Methods

Study design and setting

This is a secondary analysis of data collected for a hospital-based case-control study that primarily sought to examine the association between self-poisoning and adverse childhood experiences in Sri Lanka. The protocol and results of the primary study have been published elsewhere [38, 39].

Sri Lanka is an island in South Asia and has a school enrolment rate of close to 100% [27]. The study took place in the district of Kandy which has a population of approximately 1.4 million [40]. Demographics in the Kandy district closely reflect those of the national population, with Sinhalese being the majority ethnicity (Kandy 74%, national 75%) and Buddhism the main religion (Kandy 73%, national 70%) [40].

Participant recruitment

Cases (n=298) were drawn from patients aged 18 years or over who were admitted to the Toxicology ward of the Teaching Hospital Peradeniya (THP) for the medical management of self-poisoning from 18th July - 31st December 2018. Controls were recruited using age and sex frequency matching. Hospital-based controls (n=526) were drawn from patients or visitors to the outpatient department or clinics of THP. Recruited outpatients presented with conditions that were unrelated to the outcome of interest of the study, such as cough, chest infection and hypertension. The study was designed as a hospital-based case-control study, however it was subsequently decided to recruit a community control series to address potential selection bias. Community controls (n=480) were recruited from 19th January - 2nd April 2019 by study researchers going door to door in 12 villages, which were randomly selected from a total of 159 within two divisional secretariat areas in Kandy district. Demographics of these villages were compared to 2017 census data to ensure community controls were similar to the source population in terms of sex, age and ethnicity.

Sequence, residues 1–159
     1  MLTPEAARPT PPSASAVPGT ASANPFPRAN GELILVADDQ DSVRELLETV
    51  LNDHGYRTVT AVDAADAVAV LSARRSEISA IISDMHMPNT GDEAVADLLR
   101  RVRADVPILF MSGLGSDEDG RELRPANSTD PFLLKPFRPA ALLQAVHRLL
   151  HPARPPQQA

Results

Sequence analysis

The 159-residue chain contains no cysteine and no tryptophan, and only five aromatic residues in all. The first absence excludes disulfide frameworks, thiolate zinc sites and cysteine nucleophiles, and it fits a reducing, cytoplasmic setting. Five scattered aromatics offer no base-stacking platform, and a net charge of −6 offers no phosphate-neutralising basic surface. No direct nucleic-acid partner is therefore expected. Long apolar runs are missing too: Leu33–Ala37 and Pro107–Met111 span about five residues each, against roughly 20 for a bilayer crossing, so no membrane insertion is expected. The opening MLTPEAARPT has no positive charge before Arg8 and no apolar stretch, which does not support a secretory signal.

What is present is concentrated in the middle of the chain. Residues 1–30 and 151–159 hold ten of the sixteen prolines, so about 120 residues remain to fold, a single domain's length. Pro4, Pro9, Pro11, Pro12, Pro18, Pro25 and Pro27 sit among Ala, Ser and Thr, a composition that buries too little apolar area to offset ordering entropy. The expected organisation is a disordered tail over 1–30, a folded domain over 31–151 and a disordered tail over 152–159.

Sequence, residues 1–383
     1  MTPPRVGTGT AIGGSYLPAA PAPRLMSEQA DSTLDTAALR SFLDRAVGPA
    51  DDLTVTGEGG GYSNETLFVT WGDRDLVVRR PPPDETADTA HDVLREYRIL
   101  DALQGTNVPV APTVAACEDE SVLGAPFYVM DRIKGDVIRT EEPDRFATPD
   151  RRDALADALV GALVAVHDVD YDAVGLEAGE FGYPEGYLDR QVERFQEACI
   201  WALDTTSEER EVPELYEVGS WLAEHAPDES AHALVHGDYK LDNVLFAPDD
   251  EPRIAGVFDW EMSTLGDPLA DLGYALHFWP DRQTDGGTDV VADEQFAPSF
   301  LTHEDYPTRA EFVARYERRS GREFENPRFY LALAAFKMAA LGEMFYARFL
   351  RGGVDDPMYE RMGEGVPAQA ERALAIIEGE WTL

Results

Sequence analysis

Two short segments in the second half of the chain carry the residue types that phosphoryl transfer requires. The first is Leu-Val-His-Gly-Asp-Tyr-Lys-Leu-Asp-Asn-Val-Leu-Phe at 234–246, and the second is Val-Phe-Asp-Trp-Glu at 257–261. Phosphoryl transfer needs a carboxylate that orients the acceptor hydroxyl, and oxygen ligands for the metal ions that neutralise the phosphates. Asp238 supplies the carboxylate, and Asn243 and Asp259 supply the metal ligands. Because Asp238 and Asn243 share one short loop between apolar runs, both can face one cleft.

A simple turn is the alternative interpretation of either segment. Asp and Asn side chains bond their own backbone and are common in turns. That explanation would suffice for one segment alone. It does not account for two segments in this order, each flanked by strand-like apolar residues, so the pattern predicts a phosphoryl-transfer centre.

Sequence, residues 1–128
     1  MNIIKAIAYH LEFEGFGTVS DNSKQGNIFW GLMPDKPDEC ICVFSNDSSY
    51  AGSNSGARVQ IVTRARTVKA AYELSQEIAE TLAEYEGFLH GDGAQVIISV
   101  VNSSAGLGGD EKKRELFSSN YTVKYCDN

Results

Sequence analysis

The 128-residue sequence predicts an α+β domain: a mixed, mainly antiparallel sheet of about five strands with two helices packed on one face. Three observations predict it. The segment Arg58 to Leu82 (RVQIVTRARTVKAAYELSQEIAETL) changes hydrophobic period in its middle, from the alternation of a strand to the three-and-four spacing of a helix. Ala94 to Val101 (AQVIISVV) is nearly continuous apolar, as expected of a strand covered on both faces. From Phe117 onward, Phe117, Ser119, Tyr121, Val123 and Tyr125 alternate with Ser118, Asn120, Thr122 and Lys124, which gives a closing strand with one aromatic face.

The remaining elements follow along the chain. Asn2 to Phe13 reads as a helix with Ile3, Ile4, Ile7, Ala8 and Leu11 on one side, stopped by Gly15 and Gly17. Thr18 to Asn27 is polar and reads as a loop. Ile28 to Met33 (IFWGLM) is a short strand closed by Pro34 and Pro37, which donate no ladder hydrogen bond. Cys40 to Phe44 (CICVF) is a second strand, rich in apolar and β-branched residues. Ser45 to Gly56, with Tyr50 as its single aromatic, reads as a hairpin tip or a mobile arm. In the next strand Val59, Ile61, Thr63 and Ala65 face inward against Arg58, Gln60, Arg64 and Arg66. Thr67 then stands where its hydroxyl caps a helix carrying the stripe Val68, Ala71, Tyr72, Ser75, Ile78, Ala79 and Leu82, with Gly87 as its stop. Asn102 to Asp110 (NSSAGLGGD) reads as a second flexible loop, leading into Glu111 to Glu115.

Cases and controls were excluded from the study if they were: (i) physically unable or too unwell to participate and/or (ii) had a pre-existing diagnosis of intellectual disability or dementia. Controls were excluded if they reported a history of self-harm, regardless of the method/s used, time since last episode, or intent (hospital controls: n=26, 5%).

Data collection